However, on the cyber risk front, malicious actors have also been working hard to gain more ground and leverage consumer vulnerabilities that are heightened by the volatility of our environment today.
In our analysis, we saw a spike in attacks using distributed denial-of-service (DDoS) (45%) and password logins (43%). Password login attacks, specifically, consisted of brute force and credential stuffing attacks, where threat actors attempted to guess their way past a password login. With such cyber attacks greeting our news headlines with more regularity, consumers will unwittingly become more critical of their service providers, expecting them to ramp up the security postures to ensure they do not fall victim to such threats.
What does the dip in trust toward banking apps portend for the various governments’ digital banking and e-payments push in the region?
The straight answer is that it will not impact this push adversely. The adoption of such banking apps and services are largely funneled by the convenience of using the apps. It is so much easier to complete bank transactions with a few simple clicks on your phone today, instead of having to queue for hours at a branch, all thanks to apps and consumers are here for it.
However, BFSIs will need to step up their cybersecurity game to mitigate risks by integrating security into the core of their products or services from day 0. And we are seeing this already, with banks using tools, such as biometric sign-in options and authentication, immediate alerts to customers as transactions happen or even simple things like setting a daily limit on the amount of cash we can transfer from our accounts.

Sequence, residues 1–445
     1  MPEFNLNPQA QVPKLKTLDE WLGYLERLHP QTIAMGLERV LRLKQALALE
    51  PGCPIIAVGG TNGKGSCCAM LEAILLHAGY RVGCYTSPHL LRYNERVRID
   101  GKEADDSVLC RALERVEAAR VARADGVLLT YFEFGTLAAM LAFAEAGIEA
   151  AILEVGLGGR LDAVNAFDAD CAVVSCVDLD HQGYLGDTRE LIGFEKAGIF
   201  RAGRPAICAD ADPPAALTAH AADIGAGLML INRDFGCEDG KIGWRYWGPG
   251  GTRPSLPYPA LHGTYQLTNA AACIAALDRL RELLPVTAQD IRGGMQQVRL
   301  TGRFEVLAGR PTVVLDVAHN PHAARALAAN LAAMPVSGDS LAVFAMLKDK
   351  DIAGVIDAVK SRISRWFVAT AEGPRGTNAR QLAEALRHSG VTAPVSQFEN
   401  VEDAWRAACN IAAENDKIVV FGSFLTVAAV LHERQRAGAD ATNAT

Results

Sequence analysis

These steps provide customers with added security that is visible – inspiring greater confidence in the BFSIs security postures.
As for governments, many are already implementing compliance and regulations to facilitate the digital bank movements while ensuring that security is not being left as an afterthought. For instance, the Monetary Authority of Singapore (MAS) has many guides for BFSIs on cyber hygiene as well as technology risk managements as well as a Cyber Security Advisory Panel that provides strategies for MAS and financial institutions in Singapore to sustain cyber resilience and trust in our financial system.
What are some key steps BFSIs can take to reduce friction in consumers’ digital banking experience while ensuring strong security postures for their apps?
SB: First and foremost, one key thing that BFSIs can implement is user-friendly security mechanisms like biometric authentication, that some banks have already deployed on their customer-facing apps. These checks not only allow for better, seamless app experience, it also promotes confidence amongst consumers on the bank’s security postures.
BFSIs should also be looking into implementing AI/ML powered analytics engines. These engines are a very viable way to unearth anomalies in transactions and user behaviors. These systems can in turn help cut down on reliance on tools like CAPTCHA and increase the efficacy in fighting fraud.
Last but not the least, BFSIs should be utilizing financial-grade APIs, which is an industry-led specification of data schemas, security, and privacy protocols. These APIs enable apps to utilize the data stored in accounts, interact with said accounts and empower users to control the security and privacy settings according to their needs. They help to integrate the banking process with customers favorite app while maintaining an optimal security posture.